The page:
Updated DNA test frees NJ man convicted of killing two children
By JEFFREY GOLD
Associated Press Writer
May 15, 2007, 6:25 PM EDT
ELIZABETH, N.J. -- After 22 years behind bars for horrific crimes his lawyers say he didn't commit, Byron Halsey walked out of jail Tuesday on the fast track to freedom.
His first actions were those of affection, love and faith.
"I just want to thank Jesus," Halsey said, emerging from jail as he clung to his mother and brother.
Minutes later, he appeared in front of television cameras at the steps of the Union County Courthouse, where his lawyers persuaded a state judge to overturn his conviction in the 1985 rape and murder of two children.
"I wasn't going to let anybody take my life," Halsey said. "I wasn't going to give up."
But he said he was not joyful. "I'm not happy," he said. "Because of what was done to me."
Halsey, 46, faced the death penalty after being convicted in 1988 of murdering Tyrone and Tina Urquhart, the children of his girlfriend, with whom he lived at a Plainfield rooming house. The girl, 7, had been strangled and raped. The boy, 8, had four nails driven into his head with a brick and evidence of a sex assault. Their bodies were found in the basement of the rooming home in November 1985.
The jury chose life in prison, however, and Halsey was sentenced to two life terms, plus 20 years. He was held at New Jersey State Prison in Trenton.
The convictions were vacated Tuesday morning after an advanced DNA test showed that a neighbor may have been responsible for the crimes.
Union County prosecutors and lawyers for Halsey together requested that the convictions be overturned.
Superior Court Judge Stuart L. Peim said he would grant a retrial because the new evidence "would probably change the verdict." Tears streamed down Halsey's face.
Peim scheduled a July 9 hearing for prosecutors to announce whether they would pursue a new trial or drop the charges.
He set bail at $55,000, with electronic monitoring, and less than four hours later, Halsey walked out of the adjacent Union County Jail.
A spokeswoman for the Union County prosecutor's office, Eileen Walsh, said the office would not comment on how it will proceed.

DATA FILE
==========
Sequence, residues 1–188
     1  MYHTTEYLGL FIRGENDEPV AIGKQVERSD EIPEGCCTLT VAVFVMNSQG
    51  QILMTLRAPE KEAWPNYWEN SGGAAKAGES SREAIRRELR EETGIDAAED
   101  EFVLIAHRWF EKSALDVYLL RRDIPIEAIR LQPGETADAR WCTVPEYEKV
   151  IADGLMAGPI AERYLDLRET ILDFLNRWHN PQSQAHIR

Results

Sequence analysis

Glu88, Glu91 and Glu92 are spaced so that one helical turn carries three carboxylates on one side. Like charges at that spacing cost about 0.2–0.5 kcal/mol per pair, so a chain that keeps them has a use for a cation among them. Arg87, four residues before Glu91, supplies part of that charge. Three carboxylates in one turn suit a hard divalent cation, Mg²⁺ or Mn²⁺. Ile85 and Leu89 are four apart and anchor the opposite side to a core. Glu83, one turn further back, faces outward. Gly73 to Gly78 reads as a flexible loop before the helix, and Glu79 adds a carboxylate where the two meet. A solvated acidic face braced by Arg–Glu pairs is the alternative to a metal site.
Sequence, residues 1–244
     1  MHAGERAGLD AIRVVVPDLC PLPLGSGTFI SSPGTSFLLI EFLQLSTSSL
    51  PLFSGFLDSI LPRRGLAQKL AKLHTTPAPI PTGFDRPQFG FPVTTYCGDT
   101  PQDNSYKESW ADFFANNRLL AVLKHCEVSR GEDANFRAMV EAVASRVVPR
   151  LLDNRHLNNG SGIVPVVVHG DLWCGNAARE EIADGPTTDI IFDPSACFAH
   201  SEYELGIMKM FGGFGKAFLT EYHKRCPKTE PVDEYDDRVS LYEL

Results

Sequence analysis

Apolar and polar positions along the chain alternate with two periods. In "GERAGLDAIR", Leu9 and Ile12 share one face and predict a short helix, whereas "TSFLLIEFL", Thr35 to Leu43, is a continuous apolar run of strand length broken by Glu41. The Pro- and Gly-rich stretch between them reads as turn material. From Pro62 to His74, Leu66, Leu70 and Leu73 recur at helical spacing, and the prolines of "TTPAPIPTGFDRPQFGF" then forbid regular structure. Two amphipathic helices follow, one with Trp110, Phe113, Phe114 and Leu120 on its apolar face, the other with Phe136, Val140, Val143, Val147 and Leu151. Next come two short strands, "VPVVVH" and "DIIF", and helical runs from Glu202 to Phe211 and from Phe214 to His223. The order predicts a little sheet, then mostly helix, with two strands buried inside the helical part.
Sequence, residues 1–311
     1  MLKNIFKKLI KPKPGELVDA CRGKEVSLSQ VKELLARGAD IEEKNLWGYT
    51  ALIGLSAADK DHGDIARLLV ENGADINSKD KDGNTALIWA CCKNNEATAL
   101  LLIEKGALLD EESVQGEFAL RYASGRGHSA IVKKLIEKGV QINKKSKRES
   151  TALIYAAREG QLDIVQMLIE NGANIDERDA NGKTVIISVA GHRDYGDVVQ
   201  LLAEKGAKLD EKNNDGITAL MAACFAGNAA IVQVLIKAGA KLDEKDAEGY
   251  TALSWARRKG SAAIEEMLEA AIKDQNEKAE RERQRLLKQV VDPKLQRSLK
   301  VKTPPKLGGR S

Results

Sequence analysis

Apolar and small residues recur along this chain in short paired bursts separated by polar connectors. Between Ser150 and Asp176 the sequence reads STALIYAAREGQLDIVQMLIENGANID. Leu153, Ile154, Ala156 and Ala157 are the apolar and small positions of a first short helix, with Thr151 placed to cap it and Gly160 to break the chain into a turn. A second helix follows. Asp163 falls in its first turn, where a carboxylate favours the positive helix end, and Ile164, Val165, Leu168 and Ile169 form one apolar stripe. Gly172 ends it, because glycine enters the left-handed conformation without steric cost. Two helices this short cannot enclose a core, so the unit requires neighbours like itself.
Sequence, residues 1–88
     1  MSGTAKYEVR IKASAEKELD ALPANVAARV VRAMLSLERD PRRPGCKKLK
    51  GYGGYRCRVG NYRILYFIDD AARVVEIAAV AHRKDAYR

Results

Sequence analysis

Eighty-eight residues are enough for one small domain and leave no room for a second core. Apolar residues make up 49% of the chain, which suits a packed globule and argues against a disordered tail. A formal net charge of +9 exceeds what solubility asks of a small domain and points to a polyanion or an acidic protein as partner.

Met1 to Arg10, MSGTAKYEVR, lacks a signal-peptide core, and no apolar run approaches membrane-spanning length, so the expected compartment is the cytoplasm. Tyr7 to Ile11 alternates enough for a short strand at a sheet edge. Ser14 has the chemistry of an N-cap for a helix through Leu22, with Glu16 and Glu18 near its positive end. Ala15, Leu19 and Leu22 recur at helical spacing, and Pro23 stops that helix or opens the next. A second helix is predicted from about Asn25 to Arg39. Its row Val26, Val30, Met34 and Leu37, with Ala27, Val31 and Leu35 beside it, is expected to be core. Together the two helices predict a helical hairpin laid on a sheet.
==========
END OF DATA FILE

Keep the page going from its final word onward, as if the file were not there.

Halsey's lawyers said they are confident the charges will be dropped.
"The DNA has proven him innocent, and he deserves to get on with his life," said Vanessa Potkin, a lawyer with the Innocence Project, which represented Halsey. "It has taken more than two decades, but DNA has finally revealed the truth in this case."
Potkin said Halsey can apply for compensation of $25,000 for each year he was in custody.
Margaret Urquhart, the mother of the victims, said in a statement issued through the Innocence Project that she always doubted that Halsey committed the crime.
"I knew Byron loved Tyrone and Tina," Urquhart said. "It didn't make sense to me that he could have done this. I always had my doubts, but I didn't know what to do about them. I'm thankful that the DNA testing has identified who really did this to my children and that Byron is being released today. I want justice done in this case."
Eric Ferrero, a spokesman for the Innocence Project, which is affiliated with Cardozo School of Law at Yeshiva University, said new DNA evidence shows that a neighbor in the rooming house is the source of semen found at the crime scene.
That neighbor, Clifton Hall, 49, is now in prison after pleading guilty to three sex crimes in early 1990s. Hall testified against Halsey at Halsey's trial.
The Innocence Project got involved in 2004 after Halsey wrote them. "They tried DNA testing at the time of the trial on one piece of evidence, on the girl's underwear that was found stuffed in her mouth," Ferrero said. But it was inconclusive, since more sophisticated testing was several years away. So they tested the semen for blood type, which matched Halsey -- but also matched Hall, Ferrero said.
The new DNA test matches Hall, whose DNA was on record since he is an offender, Ferrero said. Hall is at a prison for sex offenders in Avenel. Efforts to locate his latest lawyer and get comment from Hall were not successful.
Halsey had made a confession before trial, but Innocence Project co-director Barry Scheck said the statement followed 30 hours of interrogation over a 40-hour period.
"It would be a stretch to say that Byron Halsey even confessed to this crime given the state of mind he was in, the length of the interrogation, the tactics police used, and the words he actually said," Scheck said.
Scheck said that Halsey would be getting therapy and job training. He said the case is more evidence for the state Legislature to consider as it debates whether to abolish the death penalty.
"If ever there was a case when an innocent man could have been executed, it is this case," Scheck said.
||Truth in Justice